By the time Granny, Aunt Millie, and Judy finished cleaning the incredibly cluttered flat, it was past noon and soon Judy’s “little friends,” as Granny called them, would be arriving for the party.
In truth, Judy didn’t know her “friends.” They were all grandchildren of her granny’s many church friends who Judy had only met a few times and didn’t much care for. But she supposed that wasn’t quite fair. She just didn’t know them.
However, Granny wanted Judy to have friends, so Judy would try. She’d do anything to please Granny, after all. Who else in this world did she have to please who would actually notice?
Aunt Millie, she supposed, but Aunt Millie just wanted a hug every so often and some acknowledgement that she existed. Judy could do that. After all, wasn’t that what she wanted, too?
Granny set about preparing the refreshments only to find a disturbing lack of the correct ingredients. So she gave Judy a list and told her to run across the street to the grocery and give it to Mr. Tilney along with a little purse containing the sum that would be required to make the purchases.
As Judy exited the flat building, she noticed a tall, skinny man sitting on the curb, wearing a rumpled business suit. He had removed his hat and was twirling it around and around on his finger. His reddish hair was messy and his blue eyes distant. He had a small mustache on his upper lip—at least it was neatly clipped, though. A mustache was bad enough, but a messy mustache was unbearable in Judy’s opinion.
Judy tilted her head to the side, took a step nearer the man, and tried to see what he was staring at across the street.
She could see nothing worth such serious deliberation. Just Mr. Tilney’s store and Mother’s flower shop and the small flat over the flower shop.
The man seemed to be staring at nothing, into a distance that didn’t really exist.
He turned. The two stared at each other for a few incredibly long seconds before he cleared his throat.
“Who are you?” His voice was strangled, and his eyes fastened on her face in a hungry sort of way.
She didn’t know what to think of that. It didn’t seem mean, but she’d been given so many warnings about mean men that she knew she ought to be cautious. “Judy.” Surely telling him her name wouldn’t hurt a thing.
“I know. At least, most of me knew.” The man straightened his back and looked her up and down before returning to her face, a bashful grin twisting his lips.
“Then why did you ask?” asked Judy.
“Because I wanted to be sure.” He ran a hand through his hair and watched her with eyes a bit closed, like he was wincing in pain. “Sometimes it’s good to double check before assuming something, especially if you’ve gotten in trouble before for not being sure and assuming and moving too fast for your own good.”
“Oh.” That made sense, she supposed. Caution was definitely preferable. One didn’t make mistakes if one were cautious, and mistakes weren’t something her mother appreciated. Especially ones that caused a mess Mother had to clean up. Not that she ever cleaned unless she absolutely must. Mother didn’t mind most messes. The cleaning up messes part, however? It made Mother most cross. Judy hated when her mother went from not caring at all to being cross. It was the worst feeling in the world.
“You look like your Aunt Lola,” said the man, referring to the paternal aunt who visited occasionally. “But your hair isn’t curly like hers.”
“I know,” said Judy. “It’s curlier when my braids aren’t so tight.” She tugged one to show how tight and unforgiving it was.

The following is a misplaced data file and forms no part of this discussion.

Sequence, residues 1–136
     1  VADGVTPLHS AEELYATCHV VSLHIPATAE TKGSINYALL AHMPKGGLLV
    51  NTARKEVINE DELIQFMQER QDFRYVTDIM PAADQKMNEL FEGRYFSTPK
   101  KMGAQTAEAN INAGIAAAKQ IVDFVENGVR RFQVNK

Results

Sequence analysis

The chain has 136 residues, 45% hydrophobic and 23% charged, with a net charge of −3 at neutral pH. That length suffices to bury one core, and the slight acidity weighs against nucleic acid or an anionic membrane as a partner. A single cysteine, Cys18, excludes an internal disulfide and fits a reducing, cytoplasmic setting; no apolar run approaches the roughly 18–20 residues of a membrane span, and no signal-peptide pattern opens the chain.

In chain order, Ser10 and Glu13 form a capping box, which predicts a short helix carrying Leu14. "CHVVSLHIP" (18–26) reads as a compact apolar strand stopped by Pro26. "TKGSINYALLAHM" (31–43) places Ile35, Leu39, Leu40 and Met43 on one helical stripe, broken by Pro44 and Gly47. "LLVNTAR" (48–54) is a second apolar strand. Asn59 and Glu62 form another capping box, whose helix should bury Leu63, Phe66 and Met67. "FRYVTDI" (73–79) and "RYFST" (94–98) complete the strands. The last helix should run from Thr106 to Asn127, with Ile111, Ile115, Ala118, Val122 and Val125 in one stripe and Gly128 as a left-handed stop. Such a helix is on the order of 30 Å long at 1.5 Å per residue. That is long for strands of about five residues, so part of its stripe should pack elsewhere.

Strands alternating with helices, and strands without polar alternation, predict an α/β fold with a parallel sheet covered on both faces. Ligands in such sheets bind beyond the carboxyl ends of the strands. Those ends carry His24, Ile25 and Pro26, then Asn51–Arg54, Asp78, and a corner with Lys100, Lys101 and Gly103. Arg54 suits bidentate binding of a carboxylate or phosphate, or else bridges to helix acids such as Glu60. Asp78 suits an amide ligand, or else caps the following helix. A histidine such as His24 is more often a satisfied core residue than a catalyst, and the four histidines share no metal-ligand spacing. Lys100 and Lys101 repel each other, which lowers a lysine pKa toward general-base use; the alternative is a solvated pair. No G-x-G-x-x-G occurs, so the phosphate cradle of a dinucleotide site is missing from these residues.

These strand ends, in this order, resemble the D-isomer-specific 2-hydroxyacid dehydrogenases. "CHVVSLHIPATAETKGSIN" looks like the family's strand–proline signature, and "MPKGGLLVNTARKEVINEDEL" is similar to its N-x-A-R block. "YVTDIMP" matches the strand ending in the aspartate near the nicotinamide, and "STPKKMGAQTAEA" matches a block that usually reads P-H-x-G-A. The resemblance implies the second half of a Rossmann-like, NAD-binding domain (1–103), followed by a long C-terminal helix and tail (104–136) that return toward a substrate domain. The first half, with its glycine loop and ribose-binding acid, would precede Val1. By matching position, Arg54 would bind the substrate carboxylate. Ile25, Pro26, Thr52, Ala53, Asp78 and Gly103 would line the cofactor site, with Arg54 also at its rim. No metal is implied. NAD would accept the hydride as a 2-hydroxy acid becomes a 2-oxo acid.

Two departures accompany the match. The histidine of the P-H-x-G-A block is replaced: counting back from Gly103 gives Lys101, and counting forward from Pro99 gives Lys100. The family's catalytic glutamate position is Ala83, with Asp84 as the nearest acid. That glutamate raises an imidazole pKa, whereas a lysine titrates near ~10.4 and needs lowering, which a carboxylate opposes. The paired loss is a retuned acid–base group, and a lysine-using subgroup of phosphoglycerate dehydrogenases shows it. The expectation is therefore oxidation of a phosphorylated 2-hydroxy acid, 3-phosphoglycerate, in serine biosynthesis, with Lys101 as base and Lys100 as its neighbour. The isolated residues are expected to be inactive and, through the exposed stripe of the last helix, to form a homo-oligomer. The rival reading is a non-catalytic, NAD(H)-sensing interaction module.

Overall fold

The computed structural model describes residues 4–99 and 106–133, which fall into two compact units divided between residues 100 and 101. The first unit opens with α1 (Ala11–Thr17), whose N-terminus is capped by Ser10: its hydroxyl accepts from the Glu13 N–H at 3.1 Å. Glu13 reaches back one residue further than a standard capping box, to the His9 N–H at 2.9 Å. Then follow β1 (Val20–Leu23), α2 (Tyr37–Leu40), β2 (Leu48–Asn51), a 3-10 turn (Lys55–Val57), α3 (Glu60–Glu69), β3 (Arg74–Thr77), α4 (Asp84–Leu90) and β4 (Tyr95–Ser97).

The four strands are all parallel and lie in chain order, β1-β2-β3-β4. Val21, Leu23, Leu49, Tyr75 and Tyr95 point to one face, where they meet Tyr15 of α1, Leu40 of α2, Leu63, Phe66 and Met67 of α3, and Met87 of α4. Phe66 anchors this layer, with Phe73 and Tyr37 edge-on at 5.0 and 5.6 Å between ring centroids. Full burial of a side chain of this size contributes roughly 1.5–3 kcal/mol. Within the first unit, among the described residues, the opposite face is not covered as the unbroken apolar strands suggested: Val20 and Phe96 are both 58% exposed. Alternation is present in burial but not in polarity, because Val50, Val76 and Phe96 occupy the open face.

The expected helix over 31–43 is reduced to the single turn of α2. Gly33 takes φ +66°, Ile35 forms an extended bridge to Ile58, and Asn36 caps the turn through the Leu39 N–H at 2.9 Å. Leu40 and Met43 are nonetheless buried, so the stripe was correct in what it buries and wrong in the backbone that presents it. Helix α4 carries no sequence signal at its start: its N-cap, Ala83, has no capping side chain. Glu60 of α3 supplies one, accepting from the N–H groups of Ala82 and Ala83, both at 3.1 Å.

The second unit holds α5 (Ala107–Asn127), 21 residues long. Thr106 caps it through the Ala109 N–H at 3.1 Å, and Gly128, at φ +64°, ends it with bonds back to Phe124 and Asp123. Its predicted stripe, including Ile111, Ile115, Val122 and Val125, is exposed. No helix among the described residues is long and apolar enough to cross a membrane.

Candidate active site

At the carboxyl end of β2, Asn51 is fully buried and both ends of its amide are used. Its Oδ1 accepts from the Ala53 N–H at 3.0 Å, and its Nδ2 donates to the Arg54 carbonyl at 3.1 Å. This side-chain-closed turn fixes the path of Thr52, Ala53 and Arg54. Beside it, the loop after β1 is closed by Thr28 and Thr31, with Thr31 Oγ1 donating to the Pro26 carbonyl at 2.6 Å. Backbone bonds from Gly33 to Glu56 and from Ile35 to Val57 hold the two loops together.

“Mine would curl if I let it grow, probably. Like my mother’s hair.” His voice was raspy, and Judy wondered if it was always like that or if he was just sad right then. “Who told you you look like her?”
“Aunt Lola,” said Judy.
“Oh.” He stood. Judy was obliged to crane her neck to continue looking him in the eye. He was quite tall, and not just because Judy was quite short. Her mother was half his size, she was sure. “Are you supposed to be talking to strangers?” the man asked.
Judy shook her head. “I’m supposed to be getting these things and hurrying back,” she said, holding up the slip of paper.
He accepted the grocery list and gave it a looking over before passing it back to her. “Well, then you’d best be about your business.”
“Will you be about your business, too?” Judy asked.
The man nodded, and his voice cleared a bit as he replied. “I will. I need to see my sister before I go to a party, or she’ll be mad at me. We can’t have that.”
“Good. You looked lonely sitting on the street there.”
“Did I?” The man had an odd little twist to his lips now that told her he had some sort of feeling that wasn’t quite comfortable.
Judy offered a bit of a smile to set him at ease. “Yes. And that’s no good! After all, there are so many people in the world that one oughtn’t to be lonely!”
Or at least one oughtn’t to be lonely when one was a big man who could go anywhere and meet anyone. Judy couldn’t really make friends because she got in trouble for wandering off, and it was hard enough making friends anyway, but the man could do anything he wanted. He could make dozens of friends. Judy felt a flash of jealousy but quickly reined it in.
The man laughed dryly. “Well, what if there was only one person in the world a fellow wanted to be with?”
“Then he’d better be with that person.” Judy glanced across the street. “I’d better go. Granny will be worried. Besides, I guess you are a stranger, and Aunt Millie says you might be mean, even in places I think are safe. She’s most afraid someone will be mean to me.”
“Very well. Run along, Judy.”
Judy paused. “How’d you know my name?” Strangers weren’t supposed to know her name.
“You told me, baby,” the man reminded her, eyes twinkling.
“Oh,” said Judy. She stood still for a moment, contemplating whether strangers ought to call her “baby,” then she hurried across the street and into Mr. Tilney’s store.
In no time at all, she was back out with the groceries. The man was gone.